Spoon Dishes Out Solid Performance; Utensil Puns, However, Remain Tough to Come By
I’m going to write about Spoon without referencing the Pixies or problems with record labels, which seem to be topics that dominate the typical Spoon article.
After all, Spoon are not the first band to be influenced by the Pixies, (though, they’re probably their finest disciples), or the first to get dropped by a major label, (where they are in a first-rate union of artists who have been callously shown their walking papers—in this case, by Elektra). In fact, they are not even alone in putting their frustrations to vinyl. On the brilliantly titled and darkly humorous two-sided single that they released as a testament to their label dissatisfaction, “The Agony of Lafitte” backed with “Lafitte Don’t Fail Me Now”, Spoon delivered a fitting retaliatory ode to their former A&R representative, Ron Lafitte, who after a long courtship of the band, abandoned them shortly after their sole Elektra LP, A Series of Sneaks, was released. (What is it about Elektra that inspires such musical vengeance? See The Afghan Whigs’ “Neglekted” or Superdrag’s “Keep It Close to Me” for more on this topic.)
So, excluding the aforementioned references, you will read nothing more regarding worship of Doolittle or major label miseries.
Which brings us up to this year, where Spoon reemerged with their widely-acclaimed third full-length release, Girls Can Tell on Merge Records, which incidentally finds them with a considerably revamped sound. If absolutely pressed to make a comparison, I would say that Spoon’s new material sounds more like a young Elvis Costello if he recorded for Motown rather than well you know whom. But the fact is that their new material sounds like everyone and no one at the same time. Spoon sound like a band comfortable in their own skin. And perhaps, the reason that some critics unfairly dismissed Spoon as knock-offs earlier in their career was due to shortsightedness by those same critics. After all, the easiest way to describe a band’s sound is to simply compare them to another artist who they most resemble.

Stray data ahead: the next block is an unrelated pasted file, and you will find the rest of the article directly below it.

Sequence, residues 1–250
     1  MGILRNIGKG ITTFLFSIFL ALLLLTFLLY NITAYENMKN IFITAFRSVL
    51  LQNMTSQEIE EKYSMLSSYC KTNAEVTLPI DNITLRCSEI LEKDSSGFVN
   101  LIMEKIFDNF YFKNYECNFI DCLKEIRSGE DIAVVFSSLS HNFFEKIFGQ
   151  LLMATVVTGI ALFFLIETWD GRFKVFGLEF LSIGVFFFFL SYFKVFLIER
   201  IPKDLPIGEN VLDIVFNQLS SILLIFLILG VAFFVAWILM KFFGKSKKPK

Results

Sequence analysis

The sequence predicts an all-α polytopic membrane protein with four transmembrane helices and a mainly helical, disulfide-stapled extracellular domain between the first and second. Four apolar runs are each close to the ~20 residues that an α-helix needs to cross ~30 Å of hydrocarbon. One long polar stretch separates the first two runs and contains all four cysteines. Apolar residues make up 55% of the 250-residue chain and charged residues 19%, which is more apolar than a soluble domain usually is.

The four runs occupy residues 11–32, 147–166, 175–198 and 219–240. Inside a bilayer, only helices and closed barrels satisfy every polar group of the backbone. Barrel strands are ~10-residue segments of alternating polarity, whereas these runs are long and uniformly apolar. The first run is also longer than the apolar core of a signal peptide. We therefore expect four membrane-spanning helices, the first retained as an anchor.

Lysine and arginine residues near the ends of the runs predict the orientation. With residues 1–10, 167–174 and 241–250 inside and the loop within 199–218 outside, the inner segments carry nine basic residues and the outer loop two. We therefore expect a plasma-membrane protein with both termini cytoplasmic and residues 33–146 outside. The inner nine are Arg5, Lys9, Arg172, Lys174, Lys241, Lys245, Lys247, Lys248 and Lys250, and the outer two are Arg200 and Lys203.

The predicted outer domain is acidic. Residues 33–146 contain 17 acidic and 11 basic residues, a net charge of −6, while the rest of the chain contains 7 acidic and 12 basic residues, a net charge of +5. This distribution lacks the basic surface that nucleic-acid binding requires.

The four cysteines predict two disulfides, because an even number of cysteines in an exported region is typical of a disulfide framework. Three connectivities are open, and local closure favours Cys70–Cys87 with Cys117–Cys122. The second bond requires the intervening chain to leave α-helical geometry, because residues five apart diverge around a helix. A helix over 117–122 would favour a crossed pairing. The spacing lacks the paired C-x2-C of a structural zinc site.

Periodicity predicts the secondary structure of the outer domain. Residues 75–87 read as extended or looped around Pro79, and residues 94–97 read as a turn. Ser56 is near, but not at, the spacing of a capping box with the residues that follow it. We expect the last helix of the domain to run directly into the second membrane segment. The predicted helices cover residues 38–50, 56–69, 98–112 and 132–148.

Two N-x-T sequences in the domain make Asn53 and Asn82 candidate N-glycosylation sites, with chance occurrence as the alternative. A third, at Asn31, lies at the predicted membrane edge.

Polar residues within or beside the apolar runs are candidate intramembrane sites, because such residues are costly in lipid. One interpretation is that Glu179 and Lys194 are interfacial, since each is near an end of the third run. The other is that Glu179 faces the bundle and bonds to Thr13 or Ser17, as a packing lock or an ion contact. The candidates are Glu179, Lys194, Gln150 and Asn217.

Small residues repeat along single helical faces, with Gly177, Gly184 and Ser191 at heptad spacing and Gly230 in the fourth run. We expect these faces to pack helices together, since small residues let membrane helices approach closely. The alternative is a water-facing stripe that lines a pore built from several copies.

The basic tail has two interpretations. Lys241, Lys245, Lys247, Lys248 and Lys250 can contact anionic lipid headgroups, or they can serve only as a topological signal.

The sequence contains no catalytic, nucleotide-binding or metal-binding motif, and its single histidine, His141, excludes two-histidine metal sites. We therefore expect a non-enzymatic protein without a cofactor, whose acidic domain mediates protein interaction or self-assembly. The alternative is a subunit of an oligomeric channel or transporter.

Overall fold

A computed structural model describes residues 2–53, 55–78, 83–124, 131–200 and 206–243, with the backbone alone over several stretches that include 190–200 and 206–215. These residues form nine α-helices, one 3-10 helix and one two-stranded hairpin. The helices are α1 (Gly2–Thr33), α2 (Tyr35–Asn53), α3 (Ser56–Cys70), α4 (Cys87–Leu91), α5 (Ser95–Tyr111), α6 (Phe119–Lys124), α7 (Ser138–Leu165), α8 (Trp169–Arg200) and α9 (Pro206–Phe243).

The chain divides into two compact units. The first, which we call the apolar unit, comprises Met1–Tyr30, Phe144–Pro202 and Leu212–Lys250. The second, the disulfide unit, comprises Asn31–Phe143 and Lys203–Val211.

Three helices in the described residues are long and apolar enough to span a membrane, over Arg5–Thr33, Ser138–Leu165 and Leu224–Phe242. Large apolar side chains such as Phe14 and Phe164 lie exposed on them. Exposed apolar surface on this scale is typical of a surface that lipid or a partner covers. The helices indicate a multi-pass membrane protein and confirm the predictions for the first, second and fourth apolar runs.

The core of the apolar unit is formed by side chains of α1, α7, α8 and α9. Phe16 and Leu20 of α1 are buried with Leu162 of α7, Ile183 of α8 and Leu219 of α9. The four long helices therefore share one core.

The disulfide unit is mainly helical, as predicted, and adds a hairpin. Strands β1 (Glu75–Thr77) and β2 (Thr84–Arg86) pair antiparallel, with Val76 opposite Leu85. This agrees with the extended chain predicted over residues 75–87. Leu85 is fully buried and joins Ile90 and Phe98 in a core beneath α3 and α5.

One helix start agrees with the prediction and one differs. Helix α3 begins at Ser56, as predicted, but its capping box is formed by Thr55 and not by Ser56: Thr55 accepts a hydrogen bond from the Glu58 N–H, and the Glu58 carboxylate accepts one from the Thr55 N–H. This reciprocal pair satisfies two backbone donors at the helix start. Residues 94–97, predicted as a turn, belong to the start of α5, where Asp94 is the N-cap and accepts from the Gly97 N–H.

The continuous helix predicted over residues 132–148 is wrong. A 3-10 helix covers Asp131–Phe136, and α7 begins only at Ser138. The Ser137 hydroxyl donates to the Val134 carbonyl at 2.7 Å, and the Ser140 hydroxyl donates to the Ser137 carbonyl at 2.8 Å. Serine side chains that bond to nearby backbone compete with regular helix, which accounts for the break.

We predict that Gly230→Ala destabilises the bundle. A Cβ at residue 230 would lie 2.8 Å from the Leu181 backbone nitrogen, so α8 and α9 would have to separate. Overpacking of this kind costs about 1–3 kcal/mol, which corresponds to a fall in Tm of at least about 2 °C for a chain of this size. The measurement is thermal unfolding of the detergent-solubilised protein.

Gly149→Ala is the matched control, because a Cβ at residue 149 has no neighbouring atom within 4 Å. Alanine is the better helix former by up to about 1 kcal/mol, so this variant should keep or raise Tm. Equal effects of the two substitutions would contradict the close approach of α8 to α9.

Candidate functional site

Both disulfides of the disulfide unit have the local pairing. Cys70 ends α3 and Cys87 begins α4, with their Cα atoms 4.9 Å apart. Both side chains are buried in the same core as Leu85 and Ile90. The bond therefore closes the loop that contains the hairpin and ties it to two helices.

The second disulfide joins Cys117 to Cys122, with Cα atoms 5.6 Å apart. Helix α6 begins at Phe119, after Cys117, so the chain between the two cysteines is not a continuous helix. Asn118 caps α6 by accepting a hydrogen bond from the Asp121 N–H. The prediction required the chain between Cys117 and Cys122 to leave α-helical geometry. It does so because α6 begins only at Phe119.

So having never had the opportunity to see the band perform, I anxiously awaited their Tuesday night show at The Middle East. Spoon’s current tour is taking them to numerous locales on the East Coast, serving as the opening act for the popular band Cake on most dates. However, on this night they were stepping out on their own.
After a sonically pleasing (but under-amplified) set of melancholy Americana-pop by The Skating Party, Spoon took to the stage. The Austin, Texas-based quartet consists of original members Britt Daniel (also the principal songwriter in the band) on lead vocals/guitar and drummer Jim Eno, along with touring members Roman Kuebler on bass and Eric Friend on keyboards. The first thing that you can’t help but notice is that Daniel is wearing a coat as in a sportcoat, which is pretty rare in indie-rockdom. If you listen to the lyrics in “The Fitted Shirt” from Girls (which, incidentally, was a show highlight), he sings about how when he was growing up, his Dad would “put a coat and tie on” when he went to work. Wearing the jacket almost seems to be Daniel’s acknowledgement that, well, he’s going to work, and he appears to take his job seriously—just as one in corporate America would wear a jacket to an important meeting—but not too seriously. After all, this is rock ‘n’ roll—not the boardroom.
Despite the no-nonsense appearance of Daniel, this is a band that is clearly having fun as they continue to sharpen their tools. On new songs such as “Take a Walk” and “Lines In the Suit”, which appeared early in their set, Spoon have become the band that you want to play at your New Year’s Eve house party or college reunion or whatever. And if you still weren’t sure that they were having fun, by the time they got to “30 Gallon Tank”, the look of sheer delight on Friend’s face as he broke out the maracas in the middle of the song erased any potential doubt from anyone in the audience. (Come on who wouldn’t jump at the chance to play the maracas at a rock show?) And the simple but irresistible keyboard riff from “Anything You Want”, which gets my vote for best breakup song of the year, actually got a few people dancing (yet another indie-rockdom rarity).
Elsewhere during the show, Spoon touched upon most of their back catalog, from the rowdy stomp of “Utilitarian” to the song that, in a just world, would have been screaming from convertibles and Jeeps during the summer of 1998, “Car Radio”. At one break between songs, Daniel noted that it was their first show at The Middle East since January 1995, which also happened to be their first show outside of the Austin area. On a disappointing note, Spoon did not play any songs from their debut LP, Telephono. If the material has been retired as an effort to distance themselves from the album, then it really is a shame that songs as captivating as “Dismember” and “Idiot Driver” will not be played again by the band.
But I suppose fans need not worry. Not resting on their recorded successes, Spoon road-tested a new song for the crowd that was based more around bouncy piano/keyboards than guitars. (The song was so new, in fact, that Kuebler half-jokingly asked the club’s lighting technician to keep the lights on high so he could see his notes.) Which sort of begs the question: whom will Spoon have the unfortunate distinction of being compared to on their next album? I’m fairly certain it won’t be that seminal ‘80s quartet from Boston.